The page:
KUALA LUMPUR, May 6 — Instead of banning vape products wholesale, vape industry players are urging the government to implement long-delayed regulations for the industry.
The Malaysia Retail Electronic Cigarette Association (MRECA) president Datuk Adzwan Ab Manas, in a statement issued recently, said a taxation framework for vape liquids with nicotine was supposed to be implemented from January 1 this year but has been delayed four months because the Ministry of Health (MoH) still has not implemented regulations for the industry.
Ironically, this delay has not only left the industry in limbo but has resulted in the government listing more than RM750 million a year in tax revenue.
This breaks down to the government losing approximately RM62 million every month from the failure to collect taxes.
“Furthermore, the MoH’s proposal to ban the sale of vape along with cigarettes, although the two products are different, is akin to declaring war on the local vape industry especially for the 3,000 local entrepreneurs and 15,000 employees in the industry,” he added.
President of the Malaysian Vape Industry Advocacy (MIVA) Rizani Zakaria agrees with Adzwan.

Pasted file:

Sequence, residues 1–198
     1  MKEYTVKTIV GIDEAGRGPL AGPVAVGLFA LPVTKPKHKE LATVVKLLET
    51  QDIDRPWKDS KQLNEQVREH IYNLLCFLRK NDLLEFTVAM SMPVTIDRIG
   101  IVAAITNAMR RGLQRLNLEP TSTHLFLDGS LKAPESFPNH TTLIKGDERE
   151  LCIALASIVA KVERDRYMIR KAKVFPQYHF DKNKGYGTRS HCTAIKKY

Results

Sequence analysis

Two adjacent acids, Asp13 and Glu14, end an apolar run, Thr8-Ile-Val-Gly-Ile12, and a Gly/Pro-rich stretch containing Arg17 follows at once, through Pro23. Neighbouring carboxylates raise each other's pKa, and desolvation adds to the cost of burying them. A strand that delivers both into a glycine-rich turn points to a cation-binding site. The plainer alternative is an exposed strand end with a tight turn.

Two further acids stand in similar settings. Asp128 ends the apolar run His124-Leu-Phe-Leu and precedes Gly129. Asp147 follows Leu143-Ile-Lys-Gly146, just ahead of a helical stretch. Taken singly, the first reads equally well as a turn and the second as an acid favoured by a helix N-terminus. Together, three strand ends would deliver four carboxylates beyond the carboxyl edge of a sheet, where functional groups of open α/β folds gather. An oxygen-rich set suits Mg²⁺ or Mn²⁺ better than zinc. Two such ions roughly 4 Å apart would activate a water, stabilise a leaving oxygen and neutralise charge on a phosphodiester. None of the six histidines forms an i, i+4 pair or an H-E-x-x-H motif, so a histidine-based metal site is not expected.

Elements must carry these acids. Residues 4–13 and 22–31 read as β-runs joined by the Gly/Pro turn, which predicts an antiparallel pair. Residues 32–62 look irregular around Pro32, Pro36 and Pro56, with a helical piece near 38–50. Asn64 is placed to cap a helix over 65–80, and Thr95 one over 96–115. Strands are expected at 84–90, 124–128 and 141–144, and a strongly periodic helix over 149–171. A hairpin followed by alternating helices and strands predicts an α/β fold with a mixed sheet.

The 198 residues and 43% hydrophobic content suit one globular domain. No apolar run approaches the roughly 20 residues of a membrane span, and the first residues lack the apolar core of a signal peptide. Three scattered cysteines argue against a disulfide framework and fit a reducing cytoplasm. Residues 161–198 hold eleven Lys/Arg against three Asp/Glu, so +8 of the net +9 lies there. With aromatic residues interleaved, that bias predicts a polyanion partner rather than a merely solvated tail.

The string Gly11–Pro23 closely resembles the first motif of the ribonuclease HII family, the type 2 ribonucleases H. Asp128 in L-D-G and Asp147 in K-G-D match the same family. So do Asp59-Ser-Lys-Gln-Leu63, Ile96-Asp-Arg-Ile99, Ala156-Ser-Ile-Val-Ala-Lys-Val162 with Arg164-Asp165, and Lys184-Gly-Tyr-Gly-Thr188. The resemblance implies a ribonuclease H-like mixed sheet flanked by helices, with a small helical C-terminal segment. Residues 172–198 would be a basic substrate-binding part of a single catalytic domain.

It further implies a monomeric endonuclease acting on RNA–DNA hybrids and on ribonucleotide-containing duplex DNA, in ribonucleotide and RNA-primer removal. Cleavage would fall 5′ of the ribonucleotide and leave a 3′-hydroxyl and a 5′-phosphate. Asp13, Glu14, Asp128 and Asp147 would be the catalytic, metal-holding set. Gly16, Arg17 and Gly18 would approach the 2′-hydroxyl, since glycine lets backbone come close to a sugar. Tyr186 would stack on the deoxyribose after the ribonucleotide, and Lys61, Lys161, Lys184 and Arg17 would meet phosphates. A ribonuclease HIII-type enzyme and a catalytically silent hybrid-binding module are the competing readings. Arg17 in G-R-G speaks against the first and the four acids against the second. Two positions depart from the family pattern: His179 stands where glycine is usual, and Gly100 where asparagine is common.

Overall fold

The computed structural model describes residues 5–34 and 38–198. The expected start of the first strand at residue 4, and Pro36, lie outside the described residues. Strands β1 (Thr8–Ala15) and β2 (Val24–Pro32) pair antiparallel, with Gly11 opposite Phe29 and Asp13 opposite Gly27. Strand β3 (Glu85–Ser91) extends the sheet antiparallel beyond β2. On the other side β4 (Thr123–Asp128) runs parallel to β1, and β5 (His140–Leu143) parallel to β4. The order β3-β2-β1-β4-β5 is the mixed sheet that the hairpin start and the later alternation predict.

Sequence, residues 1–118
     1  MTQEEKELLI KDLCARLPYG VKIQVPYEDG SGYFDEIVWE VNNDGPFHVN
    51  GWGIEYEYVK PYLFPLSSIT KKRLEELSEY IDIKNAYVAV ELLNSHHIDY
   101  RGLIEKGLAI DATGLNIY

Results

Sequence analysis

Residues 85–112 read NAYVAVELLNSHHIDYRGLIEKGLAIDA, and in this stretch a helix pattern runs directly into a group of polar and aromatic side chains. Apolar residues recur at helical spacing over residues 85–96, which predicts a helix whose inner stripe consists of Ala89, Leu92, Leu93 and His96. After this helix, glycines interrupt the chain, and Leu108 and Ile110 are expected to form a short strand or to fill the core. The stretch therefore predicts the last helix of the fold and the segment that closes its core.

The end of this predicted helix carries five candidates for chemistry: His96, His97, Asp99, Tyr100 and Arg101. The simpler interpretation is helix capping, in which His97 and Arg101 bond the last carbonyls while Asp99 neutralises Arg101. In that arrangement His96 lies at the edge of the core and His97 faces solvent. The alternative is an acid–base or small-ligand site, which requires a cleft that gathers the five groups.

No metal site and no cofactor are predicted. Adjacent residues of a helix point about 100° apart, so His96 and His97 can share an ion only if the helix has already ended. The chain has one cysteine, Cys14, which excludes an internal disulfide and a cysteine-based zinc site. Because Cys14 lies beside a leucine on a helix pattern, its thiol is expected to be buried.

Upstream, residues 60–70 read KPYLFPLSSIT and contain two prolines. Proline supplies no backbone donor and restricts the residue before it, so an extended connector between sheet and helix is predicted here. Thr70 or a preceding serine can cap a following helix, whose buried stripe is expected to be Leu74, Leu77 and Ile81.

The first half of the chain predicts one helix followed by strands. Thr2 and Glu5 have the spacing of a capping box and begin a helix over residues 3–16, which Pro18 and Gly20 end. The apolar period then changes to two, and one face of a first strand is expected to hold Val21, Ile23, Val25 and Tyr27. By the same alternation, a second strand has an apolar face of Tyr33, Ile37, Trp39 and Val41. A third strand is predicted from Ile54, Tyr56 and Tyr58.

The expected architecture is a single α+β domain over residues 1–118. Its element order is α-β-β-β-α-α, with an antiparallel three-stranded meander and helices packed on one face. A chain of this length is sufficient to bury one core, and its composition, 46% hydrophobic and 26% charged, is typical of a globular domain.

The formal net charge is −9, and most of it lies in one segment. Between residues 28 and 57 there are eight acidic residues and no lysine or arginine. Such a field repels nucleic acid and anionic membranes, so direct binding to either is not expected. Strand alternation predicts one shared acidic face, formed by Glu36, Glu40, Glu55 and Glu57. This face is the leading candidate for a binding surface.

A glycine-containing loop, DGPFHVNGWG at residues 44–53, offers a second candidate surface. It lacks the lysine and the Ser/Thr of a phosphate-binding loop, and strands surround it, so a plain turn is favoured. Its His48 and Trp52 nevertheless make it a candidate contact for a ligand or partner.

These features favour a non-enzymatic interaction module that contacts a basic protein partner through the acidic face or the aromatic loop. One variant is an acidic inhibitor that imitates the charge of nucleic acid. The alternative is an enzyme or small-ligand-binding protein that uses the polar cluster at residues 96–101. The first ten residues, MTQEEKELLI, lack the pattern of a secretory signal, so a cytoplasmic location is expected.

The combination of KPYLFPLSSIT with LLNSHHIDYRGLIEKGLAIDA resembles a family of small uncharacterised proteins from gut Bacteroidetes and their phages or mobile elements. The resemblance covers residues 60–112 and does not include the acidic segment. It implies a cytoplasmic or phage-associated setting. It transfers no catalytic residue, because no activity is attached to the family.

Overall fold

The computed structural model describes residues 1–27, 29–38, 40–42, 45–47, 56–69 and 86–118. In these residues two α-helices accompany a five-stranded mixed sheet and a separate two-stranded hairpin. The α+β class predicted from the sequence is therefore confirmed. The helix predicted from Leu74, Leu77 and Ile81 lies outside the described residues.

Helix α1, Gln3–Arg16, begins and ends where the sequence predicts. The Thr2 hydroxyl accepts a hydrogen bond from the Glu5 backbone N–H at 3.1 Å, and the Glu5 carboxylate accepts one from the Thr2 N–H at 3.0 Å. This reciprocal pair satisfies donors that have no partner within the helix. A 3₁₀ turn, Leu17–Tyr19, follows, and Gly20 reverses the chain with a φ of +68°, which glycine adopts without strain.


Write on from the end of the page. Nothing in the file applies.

He said the ban is unfair as vape and cigarettes are two very different products.
Rizani was reported saying international studies show vaping is less harmful and can be used to help cigarette smokers quit smoking.
A policy paper recently published by consumer advocacy group Consumer Choice Center (CCC) based in the United States looks at key facts that show vape is not the gateway to smoking.
Maria Chaplia, a research manager at CCC and author of the policy paper titled “Vaping and the Gateway Myth” said, “Vaping is often blamed for encouraging smoking among adults and teens.
“Such unjustified criticism of vaping prevents millions of smokers around the world from switching to a safer alternative. The gateway rhetoric does not do anyone any good, has no merit and should be abandoned.”